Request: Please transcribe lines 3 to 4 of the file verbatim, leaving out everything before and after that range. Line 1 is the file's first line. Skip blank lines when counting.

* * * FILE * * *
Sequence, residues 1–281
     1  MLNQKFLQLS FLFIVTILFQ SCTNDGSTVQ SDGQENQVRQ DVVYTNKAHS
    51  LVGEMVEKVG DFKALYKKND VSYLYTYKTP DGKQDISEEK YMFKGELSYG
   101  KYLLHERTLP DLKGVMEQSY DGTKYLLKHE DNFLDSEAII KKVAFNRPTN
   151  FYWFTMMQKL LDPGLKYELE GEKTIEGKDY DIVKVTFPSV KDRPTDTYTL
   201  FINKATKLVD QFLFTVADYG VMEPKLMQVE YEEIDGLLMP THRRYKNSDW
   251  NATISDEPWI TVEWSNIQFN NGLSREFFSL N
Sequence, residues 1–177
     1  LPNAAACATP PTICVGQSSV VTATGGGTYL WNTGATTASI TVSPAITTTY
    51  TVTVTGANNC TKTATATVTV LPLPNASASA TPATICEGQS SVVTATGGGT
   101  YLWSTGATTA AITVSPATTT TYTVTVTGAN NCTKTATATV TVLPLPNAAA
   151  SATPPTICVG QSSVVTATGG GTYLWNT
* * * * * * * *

    51  LVGEMVEKVG DFKALYKKND VSYLYTYKTP DGKQDISEEK YMFKGELSYG
   101  KYLLHERTLP DLKGVMEQSY DGTKYLLKHE DNFLDSEAII KKVAFNRPTN